AUGUSTA – The coalition leading the effort to preserve same-day voter registration in Maine officially started its campaign Thursday with a news conference at the State House.
Barbara McDade, president of the nonpartisan League of Women Voters of Maine, said the state’s 38-year-old law allowing voters to register on the day of an election should be saved.
“Same-day registration has worked and has helped our state to become a leader in voter participation,” she said.
The Republican-led Legislature passed a law in June to require voters to register at least two business days before an election. With the new law, Maine would join 41 other states that do not allow same-day registration.
The Protect Maine Votes coalition led a petition drive this summer that gathered more than 70,000 signatures to put the issue on the Nov. 8 ballot. The new law cannot take effect while the people’s veto referendum is pending.
Opponents of same-day registration say it makes the state vulnerable to voter fraud, while same-day supporters say the new law would disenfranchise voters.
Rep. Jon McKane, R-Newcastle, who voted for the legislation eliminating same-day registration, said even with the change, Maine would be one of the easiest states in which to vote.
“The problem is the security of the vote, of the registration. You need a couple days to do it,” he said after the news conference.
The referendum will follow a spate of election law changes across the country, backed mostly by new Republican majorities. Many states have adopted or considered laws to require photo identification to vote. A similar bill failed in the Maine Senate earlier this year.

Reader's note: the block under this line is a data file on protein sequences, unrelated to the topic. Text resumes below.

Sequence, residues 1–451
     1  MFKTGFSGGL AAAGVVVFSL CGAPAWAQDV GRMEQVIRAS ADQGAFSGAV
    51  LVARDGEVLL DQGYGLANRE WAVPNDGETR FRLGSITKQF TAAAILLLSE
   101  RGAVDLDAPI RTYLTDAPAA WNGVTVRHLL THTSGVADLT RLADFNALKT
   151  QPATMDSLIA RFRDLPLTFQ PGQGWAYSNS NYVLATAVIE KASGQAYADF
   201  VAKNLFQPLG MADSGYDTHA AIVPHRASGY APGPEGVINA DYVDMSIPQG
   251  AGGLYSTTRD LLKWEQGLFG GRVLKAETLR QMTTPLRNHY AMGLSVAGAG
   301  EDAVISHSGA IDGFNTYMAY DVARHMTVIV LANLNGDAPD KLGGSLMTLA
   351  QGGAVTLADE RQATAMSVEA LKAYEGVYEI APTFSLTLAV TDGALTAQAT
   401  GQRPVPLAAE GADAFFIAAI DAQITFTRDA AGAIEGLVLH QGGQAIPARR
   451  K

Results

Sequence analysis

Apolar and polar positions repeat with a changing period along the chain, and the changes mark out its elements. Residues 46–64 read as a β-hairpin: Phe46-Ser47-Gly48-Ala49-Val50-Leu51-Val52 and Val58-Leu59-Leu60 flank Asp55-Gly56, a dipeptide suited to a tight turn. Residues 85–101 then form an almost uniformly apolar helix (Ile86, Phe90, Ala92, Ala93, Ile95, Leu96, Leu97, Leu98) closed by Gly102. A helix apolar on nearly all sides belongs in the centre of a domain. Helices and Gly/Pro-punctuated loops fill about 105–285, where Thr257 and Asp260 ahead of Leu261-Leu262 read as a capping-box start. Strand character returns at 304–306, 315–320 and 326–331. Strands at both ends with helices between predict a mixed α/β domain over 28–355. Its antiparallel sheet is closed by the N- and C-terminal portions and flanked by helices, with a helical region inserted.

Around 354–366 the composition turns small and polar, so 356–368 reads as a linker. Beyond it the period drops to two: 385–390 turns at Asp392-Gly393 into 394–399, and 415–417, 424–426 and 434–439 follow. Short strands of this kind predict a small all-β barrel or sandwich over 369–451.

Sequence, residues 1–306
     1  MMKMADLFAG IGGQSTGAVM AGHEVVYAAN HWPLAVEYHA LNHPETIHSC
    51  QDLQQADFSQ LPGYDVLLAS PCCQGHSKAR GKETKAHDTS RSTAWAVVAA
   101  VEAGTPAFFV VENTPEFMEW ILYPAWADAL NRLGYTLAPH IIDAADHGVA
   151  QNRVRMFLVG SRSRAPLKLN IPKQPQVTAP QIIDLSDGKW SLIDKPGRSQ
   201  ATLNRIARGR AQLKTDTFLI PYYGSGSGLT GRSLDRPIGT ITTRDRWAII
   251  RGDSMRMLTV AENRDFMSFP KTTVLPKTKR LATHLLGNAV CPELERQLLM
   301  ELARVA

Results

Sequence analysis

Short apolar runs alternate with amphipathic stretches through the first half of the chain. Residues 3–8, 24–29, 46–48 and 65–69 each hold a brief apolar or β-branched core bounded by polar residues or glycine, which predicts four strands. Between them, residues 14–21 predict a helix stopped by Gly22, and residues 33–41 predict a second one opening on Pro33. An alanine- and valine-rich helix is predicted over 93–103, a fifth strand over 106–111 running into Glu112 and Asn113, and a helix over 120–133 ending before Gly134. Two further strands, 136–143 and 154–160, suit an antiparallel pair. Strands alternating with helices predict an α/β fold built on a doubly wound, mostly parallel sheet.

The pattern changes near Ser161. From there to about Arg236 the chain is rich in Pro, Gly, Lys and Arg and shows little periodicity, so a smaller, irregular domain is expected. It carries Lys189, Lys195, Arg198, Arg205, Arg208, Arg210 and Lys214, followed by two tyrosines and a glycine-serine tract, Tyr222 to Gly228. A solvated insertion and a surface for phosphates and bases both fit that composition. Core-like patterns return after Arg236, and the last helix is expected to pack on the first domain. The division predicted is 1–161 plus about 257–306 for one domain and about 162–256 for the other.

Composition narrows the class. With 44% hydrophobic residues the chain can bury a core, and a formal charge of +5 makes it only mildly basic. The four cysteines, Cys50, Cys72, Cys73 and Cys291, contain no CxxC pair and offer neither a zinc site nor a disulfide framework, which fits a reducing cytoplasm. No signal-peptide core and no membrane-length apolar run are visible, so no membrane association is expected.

McDade and others who support a people’s veto said they fear that because of the trend, the referendum could serve as a battleground for national groups.
“We see leagues across the country facing this in their states, so there does seem to be a national movement to restrict voting rights,” McDade said. “I think when the (Legislature) passed this legislation, when they decided to roll back voting rights, they underestimated the people of this state.”
Members of the “Yes on 1″ campaign said they plan to use the more than 1,000 volunteers who gathered petition signatures to knock on doors and make phone calls supporting the people’s veto.
The question, which will be first on the ballot, will ask voters: “Do you want to reject the section of Chapter 399 of the Public Law of 2011 that requires new voters to register to vote at least two business days prior to an election?”
Lance Dutson, chief executive officer of the Maine Heritage Policy Center, said his organization plans to be active in supporting the law to eliminate same-day registration. He said he’s not aware of any plans for a broad coalition opposing the people’s veto, or of any national support.
“People in Maine are comfortable with these steps and they want to take further steps,” he said.
“This is not an issue that has swelled from the grass-roots; it’s a contrived campaign,” Dutson said. “So that’s why you’re not seeing these national groups coming in, because it’s not, frankly, a contentious issue.”
Charlie Webster, chairman of the Maine Republican Party, so far has been the most vocal supporter of eliminating same-day registration. He said recently that the GOP will likely play a part in opposing the people’s veto, but probably not a leading role.
MaineToday Media State House Writer Rebekah Metzler can be contacted at 620-7016 or at: